"If graduates do not have pattern-cutting, computer-aided design and production skills, they can't put their creative ability to use in the industry," said Linda Florance, chief executive of Skillfast UK, the sector skills council for fashion and textiles.

Saturday 13 December 2008

Bah humbug, etc.

Courtesy of George, the New York Times explains that we love It's A Wonderful Life - because we actually live in Pottersville.

Friday 12 December 2008

Cocosa, for when you just have to buy something

The dreadful events since Mumbai have sent shopping and fashion far from my mind (which has been focussed on certain scumbag freelance journalists quick to make a buck out of others' misfortunes).

But at a certain point, life has to return to a semblance of normality, a scrap of reality. And since I currently am reading 112 books for the Independent Foreign Fiction Prize, an element of superficiality has to enter my day at some point, in the form of the Cocosa site.

Cocosa is a membership-only fashion sale site. A couple of times a week it offers a small number of sale items from major designers. You get advance notice of the sale, then the date of the sale, then the sale preview, and then the sale opens for three days. With some items you have to very quick off the mark. The mark-downs are significant, usually 50% or more.

For some time I had been brooding over the Sonia Rykiel bags and yesterday at noon I pressed click and bought one. I bought it because I have long wanted a Chanel 2.55 without wanting to buy an actual 2.55 (my sister has one, and that would be copycat) and this is a version thereof.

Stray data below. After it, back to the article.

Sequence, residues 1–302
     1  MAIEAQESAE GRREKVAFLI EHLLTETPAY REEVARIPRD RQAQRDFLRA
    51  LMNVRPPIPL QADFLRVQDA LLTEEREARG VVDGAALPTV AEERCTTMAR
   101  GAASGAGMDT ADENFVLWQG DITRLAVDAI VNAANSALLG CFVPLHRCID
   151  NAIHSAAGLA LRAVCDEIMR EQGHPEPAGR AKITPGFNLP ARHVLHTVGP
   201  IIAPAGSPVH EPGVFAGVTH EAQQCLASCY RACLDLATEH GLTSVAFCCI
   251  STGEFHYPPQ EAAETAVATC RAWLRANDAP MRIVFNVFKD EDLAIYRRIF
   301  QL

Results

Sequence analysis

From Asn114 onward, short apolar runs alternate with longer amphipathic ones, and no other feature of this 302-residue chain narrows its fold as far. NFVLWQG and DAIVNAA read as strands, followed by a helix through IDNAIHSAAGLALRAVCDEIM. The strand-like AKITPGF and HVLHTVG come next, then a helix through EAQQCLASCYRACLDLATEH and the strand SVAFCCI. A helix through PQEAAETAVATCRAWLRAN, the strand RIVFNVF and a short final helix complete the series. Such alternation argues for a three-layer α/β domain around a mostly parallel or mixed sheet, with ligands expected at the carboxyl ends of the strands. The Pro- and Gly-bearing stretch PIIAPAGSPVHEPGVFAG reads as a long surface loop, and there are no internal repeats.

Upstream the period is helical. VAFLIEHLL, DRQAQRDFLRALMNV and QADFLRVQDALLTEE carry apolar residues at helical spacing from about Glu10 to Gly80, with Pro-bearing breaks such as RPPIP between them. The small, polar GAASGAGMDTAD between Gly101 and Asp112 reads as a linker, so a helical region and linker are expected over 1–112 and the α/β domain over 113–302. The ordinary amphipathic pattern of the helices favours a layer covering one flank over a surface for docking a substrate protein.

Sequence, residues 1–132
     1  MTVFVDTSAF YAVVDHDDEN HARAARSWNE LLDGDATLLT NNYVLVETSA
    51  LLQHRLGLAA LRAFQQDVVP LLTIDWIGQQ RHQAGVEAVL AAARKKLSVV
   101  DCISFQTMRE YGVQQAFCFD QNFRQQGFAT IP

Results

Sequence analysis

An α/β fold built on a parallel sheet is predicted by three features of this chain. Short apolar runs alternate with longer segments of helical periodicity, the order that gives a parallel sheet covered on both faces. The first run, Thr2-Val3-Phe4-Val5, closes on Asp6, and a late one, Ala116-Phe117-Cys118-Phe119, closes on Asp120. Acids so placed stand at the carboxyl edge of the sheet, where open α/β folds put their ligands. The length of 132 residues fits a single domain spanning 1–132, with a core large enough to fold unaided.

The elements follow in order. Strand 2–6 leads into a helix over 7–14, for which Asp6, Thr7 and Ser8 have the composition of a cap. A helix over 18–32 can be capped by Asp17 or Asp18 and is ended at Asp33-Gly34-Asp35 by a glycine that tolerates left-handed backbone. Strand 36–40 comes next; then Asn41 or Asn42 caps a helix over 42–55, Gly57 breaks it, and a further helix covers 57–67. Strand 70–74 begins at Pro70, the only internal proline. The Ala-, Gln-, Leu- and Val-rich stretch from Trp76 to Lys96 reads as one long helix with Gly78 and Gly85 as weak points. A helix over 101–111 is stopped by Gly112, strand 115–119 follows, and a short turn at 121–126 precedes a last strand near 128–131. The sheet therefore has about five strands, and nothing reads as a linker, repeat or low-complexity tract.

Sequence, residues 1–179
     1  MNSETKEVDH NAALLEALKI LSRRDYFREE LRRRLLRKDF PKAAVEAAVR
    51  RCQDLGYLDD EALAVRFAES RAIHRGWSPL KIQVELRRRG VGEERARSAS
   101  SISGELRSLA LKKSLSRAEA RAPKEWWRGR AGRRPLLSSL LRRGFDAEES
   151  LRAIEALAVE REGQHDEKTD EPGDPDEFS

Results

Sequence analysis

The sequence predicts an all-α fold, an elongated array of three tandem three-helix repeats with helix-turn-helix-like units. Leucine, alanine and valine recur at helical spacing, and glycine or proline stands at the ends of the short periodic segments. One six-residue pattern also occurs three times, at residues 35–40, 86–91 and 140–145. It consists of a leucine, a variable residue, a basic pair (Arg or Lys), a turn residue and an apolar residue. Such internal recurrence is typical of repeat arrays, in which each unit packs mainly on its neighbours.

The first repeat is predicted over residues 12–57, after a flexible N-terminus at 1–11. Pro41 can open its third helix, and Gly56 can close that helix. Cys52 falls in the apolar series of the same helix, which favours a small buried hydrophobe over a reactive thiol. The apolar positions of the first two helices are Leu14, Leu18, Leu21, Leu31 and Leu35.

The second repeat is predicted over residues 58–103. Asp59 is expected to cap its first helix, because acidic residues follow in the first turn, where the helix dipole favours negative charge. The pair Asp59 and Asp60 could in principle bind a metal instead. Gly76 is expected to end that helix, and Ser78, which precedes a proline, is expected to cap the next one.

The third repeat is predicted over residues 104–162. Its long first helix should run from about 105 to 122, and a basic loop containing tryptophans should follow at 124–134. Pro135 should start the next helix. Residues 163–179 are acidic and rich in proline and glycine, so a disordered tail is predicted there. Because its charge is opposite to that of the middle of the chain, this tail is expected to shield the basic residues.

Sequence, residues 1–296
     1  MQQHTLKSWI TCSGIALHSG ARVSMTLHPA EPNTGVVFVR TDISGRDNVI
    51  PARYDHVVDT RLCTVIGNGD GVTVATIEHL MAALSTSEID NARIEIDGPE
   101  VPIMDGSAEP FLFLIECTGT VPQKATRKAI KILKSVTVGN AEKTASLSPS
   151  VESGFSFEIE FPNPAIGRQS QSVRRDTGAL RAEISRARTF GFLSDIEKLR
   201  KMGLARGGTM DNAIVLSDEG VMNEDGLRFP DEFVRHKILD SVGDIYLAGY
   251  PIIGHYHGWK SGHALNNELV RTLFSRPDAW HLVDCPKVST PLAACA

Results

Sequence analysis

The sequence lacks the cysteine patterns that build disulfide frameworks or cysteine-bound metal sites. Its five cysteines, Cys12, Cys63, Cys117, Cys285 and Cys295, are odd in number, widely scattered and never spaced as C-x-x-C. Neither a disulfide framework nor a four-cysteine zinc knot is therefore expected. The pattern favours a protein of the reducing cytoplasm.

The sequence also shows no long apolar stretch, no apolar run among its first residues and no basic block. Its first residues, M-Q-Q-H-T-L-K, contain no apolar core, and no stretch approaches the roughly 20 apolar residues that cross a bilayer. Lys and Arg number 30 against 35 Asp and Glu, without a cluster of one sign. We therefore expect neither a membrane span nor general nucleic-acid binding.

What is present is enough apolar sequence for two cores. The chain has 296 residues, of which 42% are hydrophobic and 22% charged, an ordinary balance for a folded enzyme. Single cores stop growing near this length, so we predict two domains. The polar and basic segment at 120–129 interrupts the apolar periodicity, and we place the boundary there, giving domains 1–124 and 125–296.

All went smoothly. I bought an £800 bag for £399 plus £6 postage and this morning it arrived at my door less than 24 hours later exactly as described.

Cocosa keeps its membership numbers limited but you can join the waiting list. It doesn't cost anything and from what I've seen since it launched a couple of months ago, it has some spectacular bargains on very very good (mainly British) designers. There are sales coming up from Beatrix Ong, Luella, Jonathan Saunders and Richard Nichol. And they opened with McQueen and Lacroix.

Thursday 11 December 2008

Pear shaped women with bad legs are in fashion (with a caveat)

in days of yore

The 70s maxi-dress is definitively back, according to the Telegraph, which says that the iron rule that economic austerity goes with long skirts cannot be overturned, and this is not even a recession but a Depression.
According to designer Sonia Rykiel, the new longer lengths are there to lift us up above the mundanities of daily life, and on to more ethereal planes. "The thing about the long silhouette is that it is an intelligent way of dressing – light and powerful, hiding what needs to be hidden, and showing what needs to be shown," Rykiel tells me. "But long dresses this autumn and winter should be worn in different, cheery, colours: bright and pale."